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Staff member starts educational radio campaign for Ramadan

Mohsin Jeelani, a U of T Scarborough alum and Project Coordinator for TCARD+, helped organize commercials educating the public about Ramadan that will air on 680News. (Photo by Ken Jones)

Starting May 25, the GTA’s leading all-news radio station will broadcast commercials educating the public about Ramadan, all courtesy of a U of T Scarborough alum and current staff member.

Mohsin Jeelani (BA, 2011), Project Coordinator for TCARD+, was first inspired to do the commercials while watching a U of T professor speak on CBC. Shafique Virani, an associate professor with the Department for the Study of Religion at U of T St. George, had said, “The best way to fight Islamophobia is through education with weapons of mass instruction.”

“I just sat there and thought, ‘Oh my god, this is amazing, what he’s saying is so true,” Jeelani says. “Our project aims to proactively educate the general population on the basic practices of a Muslim during Ramadan. We believe that such a campaign will be a conversation starter in workplaces, schools, homes, community events and so on.” 

Twenty informational commercials will be aired on 680News near both the beginning and end of Ramadan, which starts on May 27. Jeelani says the ad campaign is less about directly addressing Islamophobia and more about starting informed conversations.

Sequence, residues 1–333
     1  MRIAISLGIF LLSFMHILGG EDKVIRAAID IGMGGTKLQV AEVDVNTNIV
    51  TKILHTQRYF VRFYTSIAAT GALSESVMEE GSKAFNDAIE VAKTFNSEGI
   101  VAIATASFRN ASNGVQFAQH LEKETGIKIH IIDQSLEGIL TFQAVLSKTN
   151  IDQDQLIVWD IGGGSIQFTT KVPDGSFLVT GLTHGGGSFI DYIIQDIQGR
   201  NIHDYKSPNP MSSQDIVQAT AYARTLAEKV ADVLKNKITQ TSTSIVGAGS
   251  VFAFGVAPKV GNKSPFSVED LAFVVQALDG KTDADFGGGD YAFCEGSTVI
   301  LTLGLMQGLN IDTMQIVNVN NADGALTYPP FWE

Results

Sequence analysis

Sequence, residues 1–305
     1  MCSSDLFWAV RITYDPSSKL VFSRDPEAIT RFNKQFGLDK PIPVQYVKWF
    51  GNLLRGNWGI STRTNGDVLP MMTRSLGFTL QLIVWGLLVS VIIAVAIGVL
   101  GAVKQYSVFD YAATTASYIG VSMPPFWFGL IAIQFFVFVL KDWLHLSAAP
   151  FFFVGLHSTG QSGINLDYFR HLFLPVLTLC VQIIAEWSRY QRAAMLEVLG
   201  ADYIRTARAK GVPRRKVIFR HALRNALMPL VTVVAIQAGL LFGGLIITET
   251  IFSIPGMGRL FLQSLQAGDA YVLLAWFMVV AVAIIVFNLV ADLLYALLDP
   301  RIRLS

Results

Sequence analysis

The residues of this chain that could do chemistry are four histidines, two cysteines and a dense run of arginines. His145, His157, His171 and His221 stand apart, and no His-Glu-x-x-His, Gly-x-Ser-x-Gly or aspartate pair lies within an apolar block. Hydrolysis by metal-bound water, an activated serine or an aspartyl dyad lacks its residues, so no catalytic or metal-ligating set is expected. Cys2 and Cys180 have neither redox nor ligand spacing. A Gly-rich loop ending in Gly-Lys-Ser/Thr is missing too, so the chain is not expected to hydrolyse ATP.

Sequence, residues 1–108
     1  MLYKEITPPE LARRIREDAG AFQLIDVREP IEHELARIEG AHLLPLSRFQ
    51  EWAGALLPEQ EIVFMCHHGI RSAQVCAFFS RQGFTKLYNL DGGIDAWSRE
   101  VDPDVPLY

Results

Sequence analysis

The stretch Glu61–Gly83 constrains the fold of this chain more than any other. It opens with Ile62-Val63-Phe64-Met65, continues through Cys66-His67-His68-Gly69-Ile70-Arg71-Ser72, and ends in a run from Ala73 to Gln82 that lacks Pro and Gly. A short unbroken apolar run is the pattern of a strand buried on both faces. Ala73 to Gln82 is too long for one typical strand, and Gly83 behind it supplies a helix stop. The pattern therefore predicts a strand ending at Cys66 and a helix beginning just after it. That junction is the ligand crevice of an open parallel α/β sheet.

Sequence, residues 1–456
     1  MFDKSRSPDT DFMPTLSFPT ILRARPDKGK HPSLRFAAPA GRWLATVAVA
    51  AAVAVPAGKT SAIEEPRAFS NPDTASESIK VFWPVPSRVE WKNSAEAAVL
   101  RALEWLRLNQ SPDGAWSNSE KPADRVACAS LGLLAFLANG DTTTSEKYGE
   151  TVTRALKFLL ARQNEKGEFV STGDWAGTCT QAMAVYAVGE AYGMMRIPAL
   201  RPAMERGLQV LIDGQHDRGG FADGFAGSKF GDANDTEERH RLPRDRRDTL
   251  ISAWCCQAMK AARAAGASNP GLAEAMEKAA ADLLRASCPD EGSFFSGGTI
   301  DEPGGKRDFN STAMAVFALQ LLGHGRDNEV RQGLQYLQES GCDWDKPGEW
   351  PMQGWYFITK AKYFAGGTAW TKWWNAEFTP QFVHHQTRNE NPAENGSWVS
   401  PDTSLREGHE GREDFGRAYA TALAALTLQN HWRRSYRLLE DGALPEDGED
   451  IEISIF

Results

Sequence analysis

“I’m not sure if this is going to address Islamophobia, but I know for sure that when people are empowered with information, those folks are able to make better decisions and come to better conclusions,” he says.

The ads give basic information about what a Muslim does during Ramadan, and some of the reasons behind those practices. Jeelani says the ads can also help remind Muslims of the purpose of Ramadan. 

“Ramadan is a lot more than just not eating and drinking,” Jeelani says. “A major part of it is helping those in need, giving charity, and spending time to reflect on everything that one has.”

Jeelani says that because Ramadan is such a visible act, he felt it would be a good time to inspire more conversations.

“There are people who are not Islamophobic, who love all people and enjoy multiculturalism and are open to all these sorts of things, but they may not know about Ramadan,” Jeelani says.

“Our hope for this project is that now that you’ve heard the radio ad, now you can go out and start those conversations.”

Jeelani says he will be examining how the idea can become annual and expand to more platforms.

“I hope this is the start of something really great,” he says.



© University of Toronto Scarborough